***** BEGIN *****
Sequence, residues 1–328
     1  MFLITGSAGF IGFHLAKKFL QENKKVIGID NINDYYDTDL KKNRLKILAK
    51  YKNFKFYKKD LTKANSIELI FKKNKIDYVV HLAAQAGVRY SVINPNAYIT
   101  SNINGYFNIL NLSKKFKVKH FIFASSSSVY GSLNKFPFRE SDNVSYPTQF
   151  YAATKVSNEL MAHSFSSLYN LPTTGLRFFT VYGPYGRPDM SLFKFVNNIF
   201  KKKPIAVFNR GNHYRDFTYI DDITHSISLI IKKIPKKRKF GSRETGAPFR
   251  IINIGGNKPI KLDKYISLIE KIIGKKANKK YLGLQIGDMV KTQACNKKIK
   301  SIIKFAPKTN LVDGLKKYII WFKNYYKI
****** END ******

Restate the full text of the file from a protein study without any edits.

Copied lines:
Sequence, residues 1–328
     1  MFLITGSAGF IGFHLAKKFL QENKKVIGID NINDYYDTDL KKNRLKILAK
    51  YKNFKFYKKD LTKANSIELI FKKNKIDYVV HLAAQAGVRY SVINPNAYIT
   101  SNINGYFNIL NLSKKFKVKH FIFASSSSVY GSLNKFPFRE SDNVSYPTQF
   151  YAATKVSNEL MAHSFSSLYN LPTTGLRFFT VYGPYGRPDM SLFKFVNNIF
   201  KKKPIAVFNR GNHYRDFTYI DDITHSISLI IKKIPKKRKF GSRETGAPFR
   251  IINIGGNKPI KLDKYISLIE KIIGKKANKK YLGLQIGDMV KTQACNKKIK
   301  SIIKFAPKTN LVDGLKKYII WFKNYYKI